The unrest is estimated to have cost the economy millions, with large-scale disruption to retailers, wholesalers, the restaurant and hotel trades. In some areas, manufacturing has been hit in the run up to Christmas.

CHANGE FRANCE?

Macron, a 40-year-old former investment banker and economy minister, came to office in mid-2017 promising to overhaul the economy, revitalise growth and draw foreign investment by making the nation a more attractive place to do business.

In the process he earned the tag “president of the rich” for seeming to do more to court big business and ease the tax burden on the wealthy. Discontent has steadily risen among blue-collar workers and others who feel he represents an urban “elite”.

For Macron, who is sharply down in the polls and struggling to regain the initiative, a further risk is how opposition parties leverage the anger and the decision to shift course.

Ahead of European Parliament elections next May, support for the far-right under Marine Le Pen and the far-left of Jean-Luc Melenchon has been rising. Macron has cast those elections as a battle between his “progressive” ideas and what he sees as their promotion of nationalist or anti-EU agendas.

Le Pen was quick to point out that the six-month postponement of the fuel-tax increases took the decision beyond the European elections.

($1 = 0.8820 euros)

 


________________________



We invite you to join us as a sponsor. Circulated Videos, Articles, Opinions and Reports which carry your name and brand are used to target Entrepreneurs through our site, promoting your organization’s services. The opportunity is to insert in our stories pages short attention-grabbing videos, or to publish your own feature stories.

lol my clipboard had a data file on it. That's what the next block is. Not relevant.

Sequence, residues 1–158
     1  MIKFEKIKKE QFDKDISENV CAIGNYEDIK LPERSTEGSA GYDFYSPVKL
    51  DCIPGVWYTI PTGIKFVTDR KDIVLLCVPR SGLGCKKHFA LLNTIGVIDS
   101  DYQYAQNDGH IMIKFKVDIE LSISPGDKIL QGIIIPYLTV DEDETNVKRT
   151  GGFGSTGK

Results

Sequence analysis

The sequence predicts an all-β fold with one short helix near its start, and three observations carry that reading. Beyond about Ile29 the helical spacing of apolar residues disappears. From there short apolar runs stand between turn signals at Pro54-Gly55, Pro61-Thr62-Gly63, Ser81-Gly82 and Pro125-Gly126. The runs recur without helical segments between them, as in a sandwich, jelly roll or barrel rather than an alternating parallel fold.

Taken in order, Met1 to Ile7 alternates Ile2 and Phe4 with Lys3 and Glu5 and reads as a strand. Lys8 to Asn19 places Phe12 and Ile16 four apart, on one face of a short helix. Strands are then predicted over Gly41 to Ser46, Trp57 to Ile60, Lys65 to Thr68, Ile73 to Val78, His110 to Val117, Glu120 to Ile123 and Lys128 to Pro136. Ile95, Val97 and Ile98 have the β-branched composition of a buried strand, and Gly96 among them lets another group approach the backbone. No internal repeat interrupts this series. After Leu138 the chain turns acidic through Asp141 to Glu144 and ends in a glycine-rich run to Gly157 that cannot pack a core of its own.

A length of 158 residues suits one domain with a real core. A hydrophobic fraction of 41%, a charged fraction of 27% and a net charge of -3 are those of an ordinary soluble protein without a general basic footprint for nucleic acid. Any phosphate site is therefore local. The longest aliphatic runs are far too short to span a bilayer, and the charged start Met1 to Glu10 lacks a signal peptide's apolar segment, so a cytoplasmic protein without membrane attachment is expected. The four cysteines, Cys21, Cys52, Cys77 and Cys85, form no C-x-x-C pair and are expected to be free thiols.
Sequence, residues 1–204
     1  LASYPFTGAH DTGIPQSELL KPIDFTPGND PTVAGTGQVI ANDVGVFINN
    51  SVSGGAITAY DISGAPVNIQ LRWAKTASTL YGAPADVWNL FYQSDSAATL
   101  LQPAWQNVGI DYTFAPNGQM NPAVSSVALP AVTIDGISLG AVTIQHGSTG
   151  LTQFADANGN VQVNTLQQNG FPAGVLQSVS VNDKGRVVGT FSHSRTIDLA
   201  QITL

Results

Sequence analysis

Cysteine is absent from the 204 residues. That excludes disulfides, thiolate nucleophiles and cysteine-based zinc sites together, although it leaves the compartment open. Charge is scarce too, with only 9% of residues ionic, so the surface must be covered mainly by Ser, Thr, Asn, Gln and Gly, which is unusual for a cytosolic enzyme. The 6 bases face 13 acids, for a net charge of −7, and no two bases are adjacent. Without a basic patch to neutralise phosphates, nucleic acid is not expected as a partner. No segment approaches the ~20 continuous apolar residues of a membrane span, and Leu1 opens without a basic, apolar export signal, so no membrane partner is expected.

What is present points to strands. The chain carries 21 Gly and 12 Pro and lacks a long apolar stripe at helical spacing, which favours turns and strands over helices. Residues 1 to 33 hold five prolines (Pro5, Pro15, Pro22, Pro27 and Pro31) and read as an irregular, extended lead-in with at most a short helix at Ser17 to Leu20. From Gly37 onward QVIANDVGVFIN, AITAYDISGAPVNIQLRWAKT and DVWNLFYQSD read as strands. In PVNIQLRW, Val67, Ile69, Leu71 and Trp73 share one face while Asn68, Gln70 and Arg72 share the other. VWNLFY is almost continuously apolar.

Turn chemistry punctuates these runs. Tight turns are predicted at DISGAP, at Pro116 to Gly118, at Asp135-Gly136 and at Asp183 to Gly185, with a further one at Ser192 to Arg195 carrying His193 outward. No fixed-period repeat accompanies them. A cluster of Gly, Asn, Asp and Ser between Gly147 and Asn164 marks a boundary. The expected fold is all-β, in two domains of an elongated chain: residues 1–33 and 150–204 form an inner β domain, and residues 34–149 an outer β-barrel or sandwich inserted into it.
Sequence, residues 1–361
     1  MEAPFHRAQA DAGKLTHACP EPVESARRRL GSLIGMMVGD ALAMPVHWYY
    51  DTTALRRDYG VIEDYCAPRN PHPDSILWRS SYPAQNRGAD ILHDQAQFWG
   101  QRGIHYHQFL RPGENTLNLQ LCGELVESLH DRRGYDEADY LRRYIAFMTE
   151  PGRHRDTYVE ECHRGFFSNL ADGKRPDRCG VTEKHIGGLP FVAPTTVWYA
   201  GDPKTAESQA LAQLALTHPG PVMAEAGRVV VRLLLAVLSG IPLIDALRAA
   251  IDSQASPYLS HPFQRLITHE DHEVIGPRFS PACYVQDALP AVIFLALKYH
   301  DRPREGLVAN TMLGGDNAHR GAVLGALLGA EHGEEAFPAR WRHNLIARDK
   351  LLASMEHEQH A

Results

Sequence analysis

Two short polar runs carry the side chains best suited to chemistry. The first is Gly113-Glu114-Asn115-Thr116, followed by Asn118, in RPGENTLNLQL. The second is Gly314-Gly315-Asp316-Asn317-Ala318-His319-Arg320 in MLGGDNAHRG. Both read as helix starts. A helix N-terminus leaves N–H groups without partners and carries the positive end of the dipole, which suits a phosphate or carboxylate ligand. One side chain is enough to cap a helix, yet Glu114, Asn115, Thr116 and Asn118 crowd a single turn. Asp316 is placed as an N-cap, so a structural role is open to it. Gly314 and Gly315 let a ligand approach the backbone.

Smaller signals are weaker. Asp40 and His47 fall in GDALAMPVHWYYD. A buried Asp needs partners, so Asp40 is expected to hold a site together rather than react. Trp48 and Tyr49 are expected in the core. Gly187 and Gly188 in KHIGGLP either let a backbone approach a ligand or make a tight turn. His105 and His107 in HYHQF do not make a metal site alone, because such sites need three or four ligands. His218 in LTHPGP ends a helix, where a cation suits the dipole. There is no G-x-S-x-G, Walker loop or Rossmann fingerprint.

Additional reporting by Marine Pennetier, Elizabeth Pineau, Richard Lough, John Irish, Matthias Blamont and Myriam Rivet Writing by Luke Baker Editing by Matthew Mpoke Bigg from Reuters.

reuters.com
12 04 2018




Copyright© 1999-2018 Petroleumworld or respective author or news agency. All rights reserved.

We welcome the use of Petroleumworld™ (PW) stories by anyone provided it mentions Petroleumworld.com as the source.

Other stories you have to get authorization by its authors. Internet web links to http://www.petroleumworld.com are appreciated.

Petroleumworld welcomes your feedback and comments, share your thoughts on this article, your feedback is important to us!

We invite all our readers to share with us
their views and comments about this article.

Write to editor@petroleumworld.com

By using this link, you agree to allow PW
to publish your comments on our letters page.

Any question or suggestions,
please write to: editor@petroleumworld.com

Best Viewed with IE 5.01+ Windows NT 4.0, '95,
'98,ME,XP, Vista, Windows 7,8,10 +/ 800x600 pixels

Twitter: @petroleumworld1


 

 

 

 

 

TOP

Contact: editor@petroleumworld.com,

Editor & Publisher:Elio Ohep/
Contact Email: editor@petroleumworld.com

CopyRight © 1999-2016, Paul Ohep F. - All Rights Reserved. Legal Information

PW in Top 100 Energy Sites

CopyRight©1999-2017, Petroleumworld ™  / Elio Ohep - All rights reservedThis site is a public free site and it contains copyrighted material the use of which has not always been specifically authorized by the copyright owner.We are making such material available in our efforts to advance understanding of business, environmental, political, human rights, economic, democracy, scientific, and social justice issues, etc. We believe this constitutes a 'fair use' of any such copyrighted material as provided for in section 107 of the US Copyright Law. In accordance with Title 17 U.S.C. Section 107, the material on this site is distributed without profit to those who have chosen to view the included information for research, information, and educational purposes. For more information go to: http://www.law.cornell.edu/uscode/17/107.shtml. If you wish to use copyrighted material from this site for purposes of your own that go beyond 'fair use', you must obtain permission fromPetroleumworld or the copyright owner of the material.